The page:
The Goose Island field goal challenge took the “you can’t buy this kind of publicity” prize a few weeks back for a skill contest that went viral. The nuances of hosting such events get tricky when combined with state rules regarding alcoholic beverages. For instance, the original prize in that competition was free beer for a year, but given Illinois rules about giving away free alcohol, they had to change the purse to Super Bowl tickets and a few other runner-up offerings.

Apart from the particular state prohibitions on certain alcoholic prizes for events, at base, the event was a skill contest, and, along with sweepstakes, these methods of promotion are completely lawful when done correctly … and a source of lawsuits and headaches when mishandled.

So it’s good to understand the ground rules for games of skill and sweepstakes.


Regardless of whether you’ve got a game of skill or a game of chance, and irrespective of its size, a good set of rules is a necessity. That second link above takes you to the Goose Island rules for the field goal challenge, and they’re a good example. The rules are your contract with the participants. Having a defined set of rules that clearly give direction to the participants are the best way to accomplish a functioning set of criteria that will guide your conduct and that of the participants and keep your even running smoothly. Changing them once the game/sweepstakes begin is tantamount to a breach of contract (unless it’s found that something is illegal and you need to change them – ala G.I. changing the free beer situation – because you can’t contract for an illegal purpose). The rules are also where you’ll put any legally required disclosures and disclaimers that protect the host and sponsors. Rules are also where you can limit liability and disclaim certain things like what happens if a hurricane strikes while people are still pole-vaulting.

But what are these two great promotional offerings? Well read on.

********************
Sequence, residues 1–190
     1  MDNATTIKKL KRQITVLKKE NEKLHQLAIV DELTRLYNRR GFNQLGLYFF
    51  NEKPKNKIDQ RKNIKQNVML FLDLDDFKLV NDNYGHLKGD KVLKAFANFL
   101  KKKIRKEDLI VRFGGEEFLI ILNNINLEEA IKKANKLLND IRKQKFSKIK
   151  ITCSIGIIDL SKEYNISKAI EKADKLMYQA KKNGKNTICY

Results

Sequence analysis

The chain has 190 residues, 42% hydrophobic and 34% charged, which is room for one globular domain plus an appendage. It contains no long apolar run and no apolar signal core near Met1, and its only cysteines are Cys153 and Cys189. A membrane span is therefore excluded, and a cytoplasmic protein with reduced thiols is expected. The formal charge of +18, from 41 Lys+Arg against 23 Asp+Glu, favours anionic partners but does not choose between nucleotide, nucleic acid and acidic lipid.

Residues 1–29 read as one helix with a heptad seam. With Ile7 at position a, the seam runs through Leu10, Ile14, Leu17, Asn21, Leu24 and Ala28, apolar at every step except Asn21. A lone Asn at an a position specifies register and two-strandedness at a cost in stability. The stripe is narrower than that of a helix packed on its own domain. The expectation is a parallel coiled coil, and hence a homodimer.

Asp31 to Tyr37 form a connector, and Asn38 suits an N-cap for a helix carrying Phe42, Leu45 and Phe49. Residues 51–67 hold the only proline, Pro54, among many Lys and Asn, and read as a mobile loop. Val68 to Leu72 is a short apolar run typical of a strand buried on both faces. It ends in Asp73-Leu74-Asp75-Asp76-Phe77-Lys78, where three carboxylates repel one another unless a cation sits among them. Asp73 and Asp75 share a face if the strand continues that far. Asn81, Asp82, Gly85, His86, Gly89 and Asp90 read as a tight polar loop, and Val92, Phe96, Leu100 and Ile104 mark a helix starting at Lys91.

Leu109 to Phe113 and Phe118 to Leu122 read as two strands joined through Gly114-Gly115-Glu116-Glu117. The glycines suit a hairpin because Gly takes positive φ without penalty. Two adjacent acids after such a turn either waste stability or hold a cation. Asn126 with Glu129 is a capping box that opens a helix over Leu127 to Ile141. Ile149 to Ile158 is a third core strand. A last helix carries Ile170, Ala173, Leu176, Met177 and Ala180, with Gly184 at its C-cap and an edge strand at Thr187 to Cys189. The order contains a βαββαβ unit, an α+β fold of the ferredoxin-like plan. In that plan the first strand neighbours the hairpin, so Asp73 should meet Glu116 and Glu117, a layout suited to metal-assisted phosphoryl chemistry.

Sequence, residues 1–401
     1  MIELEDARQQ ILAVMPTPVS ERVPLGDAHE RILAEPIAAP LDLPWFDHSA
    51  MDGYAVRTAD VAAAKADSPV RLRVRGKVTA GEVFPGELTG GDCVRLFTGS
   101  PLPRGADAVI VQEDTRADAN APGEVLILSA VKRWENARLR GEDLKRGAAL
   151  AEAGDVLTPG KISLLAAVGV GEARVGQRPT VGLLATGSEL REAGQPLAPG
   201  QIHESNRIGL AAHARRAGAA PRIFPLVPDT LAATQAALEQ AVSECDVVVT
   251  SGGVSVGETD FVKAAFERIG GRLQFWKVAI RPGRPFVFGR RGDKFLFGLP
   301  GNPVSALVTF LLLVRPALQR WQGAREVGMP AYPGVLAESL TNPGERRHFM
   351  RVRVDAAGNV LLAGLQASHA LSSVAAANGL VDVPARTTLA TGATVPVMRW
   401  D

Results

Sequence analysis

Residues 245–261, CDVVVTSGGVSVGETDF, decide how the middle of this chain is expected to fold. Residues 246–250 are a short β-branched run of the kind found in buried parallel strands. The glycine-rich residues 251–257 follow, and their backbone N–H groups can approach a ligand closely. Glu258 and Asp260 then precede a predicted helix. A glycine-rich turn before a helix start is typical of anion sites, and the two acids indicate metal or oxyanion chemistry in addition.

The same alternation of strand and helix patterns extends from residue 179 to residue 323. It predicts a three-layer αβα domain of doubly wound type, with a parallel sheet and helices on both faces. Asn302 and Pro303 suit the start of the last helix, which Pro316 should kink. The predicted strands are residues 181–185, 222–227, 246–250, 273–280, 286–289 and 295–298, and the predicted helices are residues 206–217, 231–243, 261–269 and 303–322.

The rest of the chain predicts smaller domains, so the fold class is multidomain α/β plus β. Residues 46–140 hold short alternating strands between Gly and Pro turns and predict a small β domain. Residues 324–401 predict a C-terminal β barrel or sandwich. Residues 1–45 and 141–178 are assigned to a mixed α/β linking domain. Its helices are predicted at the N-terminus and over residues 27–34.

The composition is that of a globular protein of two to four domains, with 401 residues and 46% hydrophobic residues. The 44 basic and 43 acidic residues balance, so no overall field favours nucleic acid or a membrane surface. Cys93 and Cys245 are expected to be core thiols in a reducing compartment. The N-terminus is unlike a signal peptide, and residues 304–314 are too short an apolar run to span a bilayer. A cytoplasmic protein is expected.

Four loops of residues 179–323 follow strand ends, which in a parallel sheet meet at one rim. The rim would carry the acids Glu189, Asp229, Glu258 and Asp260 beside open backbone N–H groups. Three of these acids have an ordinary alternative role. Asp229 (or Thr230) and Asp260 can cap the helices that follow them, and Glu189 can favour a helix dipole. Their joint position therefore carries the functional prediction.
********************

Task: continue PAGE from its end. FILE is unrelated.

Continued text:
Games of Skill

These are promotions that offer a reward based on some aspect of the participants’ abilities or an accomplishment and not on a random drawing or chance. Think baking contests, field goal challenges, spelling bees and trivia night. It is important that chance not be involved, such as having someone flip a coin at the end of a tied trivia night, as such a thing takes a game of skill and turns it into a game of chance. In fact, in drafting rules for your contest, you’ll want to specifically have a rule that deals with tie-breaking based on skill or have a set-up that awards the prizes to each person finishing first in the event of a tie.

Games of skill should be scored in some qualitative fashion and the criteria for awarding points or deciding the winner should be clearly defined. If the system of determining the skill is based on judging, then the point system and method for tabulating and awarding for merit should be delineated along with the experience and fitness of the judges. Think wine, beer, and spirits awards based on blind judging. These events are skill competitions at a company level, but function the same way – copious rules and criteria allow for a final tabulation and award based on objective criteria.


These, at base, are games of chance. Scratch off cards, drawings, raffles, these types of prize offerings are all methods of saying you’re holding a promotional event where the reward is doled out randomly. Sweepstakes differ from lotteries in that a lottery requires the participants to pay in order to win. Lotteries are strictly controlled by state law and involve three elements, 1) chance, 2) a reward, and 3) payment – the sweepstakes differs in that it doesn’t have part 3, consideration for entry.

“But I often see sweepstakes where you have to buy something to enter,” you say. Well, dear reader, that’s true, but in those instances there’s fine print that tells everyone they don’t have to pay to enter and can usually write or phone in for a free entry. Having the free option keeps it a sweepstakes and ensures the contest doesn’t run afoul of state lottery laws.

Sometimes “payment” can be a bit tricky to spot, as some courts have found that arduous surveys can amount to requiring something of value for participation – so best to vet your criteria for entry to ensure you’re not requiring something so burdensome to get into the contest that it might get considered payment. States can also have registration and bonding requirements if the cash value of your prizes exceeds certain dollar amounts – New York and Florida for instance.

The Takeaway: Taking the time to consider whether you’re hosting a game of skill or of chance and how to structure the event and drafting proper rules can help ensure your occasion becomes the traffic and buzz generating sensation you want it to be and will help save you on the potentially expensive a reputation ruining consequences of having something go wrong.